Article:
Oranges require orange to be. They are a color expectation. If an orange is not orange, it is no orange.
Oranges originated in China, where they were crossbred from a mandarin and a pomelo as early as 314 B.C. From there, oranges passed from Sanskrit नारङ्ग (nāran˙ga) through Persian نارنگ (nārang) and its Arabic derivative نارنج (nāranj). Traveling to continental Europe with the Moors, naranjas soon dotted al-Andalus and Sicily. Oranges arrived in England from France in the fourteenth century, their bright skins holding a taste of a color that became popular in markets, on palates, and, eventually, in tongue.
For centuries, oranges were orange and, still, orange was not a color—it was called yellow-red. It took another two hundred years for the color to earn its name, to become a form that could give itself to others—to be ascribed to flowers, stones, minerals, and the setting sun.
To the west, oranges followed the path of Spanish missionaries and lent their name to Orange County and the Orange State. In California, the fruit fed the miners of the gold rush who passed through mission towns. In Florida, there were so many groves that, by 1893, the state was producing five million boxes of fruit each year. In this tropical climate—nights too humid and too hot—oranges would ripen too quickly: they were ready to be eaten while still green. And so, from the twentieth century onward, green oranges have been synthetically dyed orange, coated to match consumer expectations. Orange reveals that humans cannot imagine a species detached from its color, even when we are the ones who detach it.
Amid all the observations that are made about industrialization and its consequences, the following is rarely heard: the world’s colors are shifting. From infancy, we describe, dream, and remember predominantly with our sense of sight, and there is no seeing without exploring, no static vision. We are raised to bend color to our will, at times admonishing it and elsewhere applying it to our liking. We grow up coloring in pictures of the world—trees are green, earth brown, and yolks yellow. That everything else in life is turned regularly upside down is only tolerable because oranges remain orange and the sky blue. An increasing amount of industrial energy is directed, therefore, toward dyeing the world in natural colors so that life and commerce may proceed.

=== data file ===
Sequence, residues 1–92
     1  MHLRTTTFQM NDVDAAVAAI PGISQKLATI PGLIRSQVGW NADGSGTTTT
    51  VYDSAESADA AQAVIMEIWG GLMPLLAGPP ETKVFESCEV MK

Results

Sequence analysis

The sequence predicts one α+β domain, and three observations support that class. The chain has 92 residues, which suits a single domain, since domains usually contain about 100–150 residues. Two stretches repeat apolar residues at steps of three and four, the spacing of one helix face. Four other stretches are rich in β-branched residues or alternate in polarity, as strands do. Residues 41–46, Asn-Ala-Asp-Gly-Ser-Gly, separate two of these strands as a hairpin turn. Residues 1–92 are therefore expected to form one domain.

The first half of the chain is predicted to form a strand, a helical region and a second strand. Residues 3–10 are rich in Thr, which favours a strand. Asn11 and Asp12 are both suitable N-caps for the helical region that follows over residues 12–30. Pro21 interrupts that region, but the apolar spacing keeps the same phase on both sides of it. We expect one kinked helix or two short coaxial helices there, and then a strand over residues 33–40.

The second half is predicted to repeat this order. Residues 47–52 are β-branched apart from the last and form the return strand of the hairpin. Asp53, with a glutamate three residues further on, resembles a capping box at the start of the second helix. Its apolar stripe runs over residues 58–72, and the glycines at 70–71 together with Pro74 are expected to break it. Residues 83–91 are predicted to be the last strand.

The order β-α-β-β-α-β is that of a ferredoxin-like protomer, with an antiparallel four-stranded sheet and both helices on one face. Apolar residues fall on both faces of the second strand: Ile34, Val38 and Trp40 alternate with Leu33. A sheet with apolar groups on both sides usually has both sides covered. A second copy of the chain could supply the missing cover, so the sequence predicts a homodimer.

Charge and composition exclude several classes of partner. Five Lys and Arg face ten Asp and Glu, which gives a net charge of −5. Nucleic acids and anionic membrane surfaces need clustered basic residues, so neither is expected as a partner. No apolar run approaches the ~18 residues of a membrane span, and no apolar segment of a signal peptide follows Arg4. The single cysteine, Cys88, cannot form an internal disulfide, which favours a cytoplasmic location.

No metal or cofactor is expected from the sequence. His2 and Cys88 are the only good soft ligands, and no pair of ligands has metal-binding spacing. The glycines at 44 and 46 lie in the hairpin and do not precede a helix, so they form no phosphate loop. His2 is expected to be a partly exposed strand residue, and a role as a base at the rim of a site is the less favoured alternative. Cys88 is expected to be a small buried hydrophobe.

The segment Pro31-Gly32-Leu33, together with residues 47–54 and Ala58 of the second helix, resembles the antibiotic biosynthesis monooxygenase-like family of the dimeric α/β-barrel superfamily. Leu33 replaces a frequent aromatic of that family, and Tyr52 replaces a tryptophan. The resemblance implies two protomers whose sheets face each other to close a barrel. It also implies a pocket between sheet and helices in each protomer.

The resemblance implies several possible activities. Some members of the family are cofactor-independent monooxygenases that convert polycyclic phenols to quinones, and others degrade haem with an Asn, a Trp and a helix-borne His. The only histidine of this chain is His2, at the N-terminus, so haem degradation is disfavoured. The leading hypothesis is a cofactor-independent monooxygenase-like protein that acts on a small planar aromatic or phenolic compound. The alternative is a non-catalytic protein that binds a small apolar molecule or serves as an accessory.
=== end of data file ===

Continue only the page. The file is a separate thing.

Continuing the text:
But dyes may miss their mark. Shifting cues in flesh, scales, skin, leaves, wings, and feathers are clues to the environmental and metabolic metamorphoses around and inside us. The force that is color is not for domestication; it is fugitive. Color colors outside our lines.
In 2018, an eye-catching sparrow was spotted on the Isle of Skye. The sparrow was bright pink.
We know what sparrows are supposed to look like, because they have evolved with us. Over several millennia, food scraps from human settlements attracted sparrows from the “wild,” which caused them to mutate into a new species. “House” sparrows have since become a familiar sight wherever humans dwell, metabolizing the shades of our settlements into their brown-gray feathers. They are drabber than their older, tree sparrow cousins, who preserve the brighter tones of the forest.
The pink sparrow, neither forest nor house, was a color leak. The sparrow had turned [salmon].
On the Isle of Skye—whose name comes from the Gaelic for “winged”—colorful feathers lure eyes. Anglers, fishing for sport, carefully tie fish flies from synthetic rainbow plumage that resembles insects, enticing salmon. These iridescent wings are easy prey. Salmon bite on the colors that they find attractive, only to swallow a deadly hook.
In the nineteenth century, colonists in the tropics were drawn to exotic birds and sent them back to Britain. These startling hues and patterns inspired new recipes for salmon flies, and plucked feathers, far from their origins, were used to pluck salmon from their natal streams. A combination of toucans, peacocks, and macaws, the flies mimicked salmons’ cravings. Hued plumage was used to deceive: to confuse the edible and the deadly. Salmon, beings for whom the ingestion of color is essential, took the bait.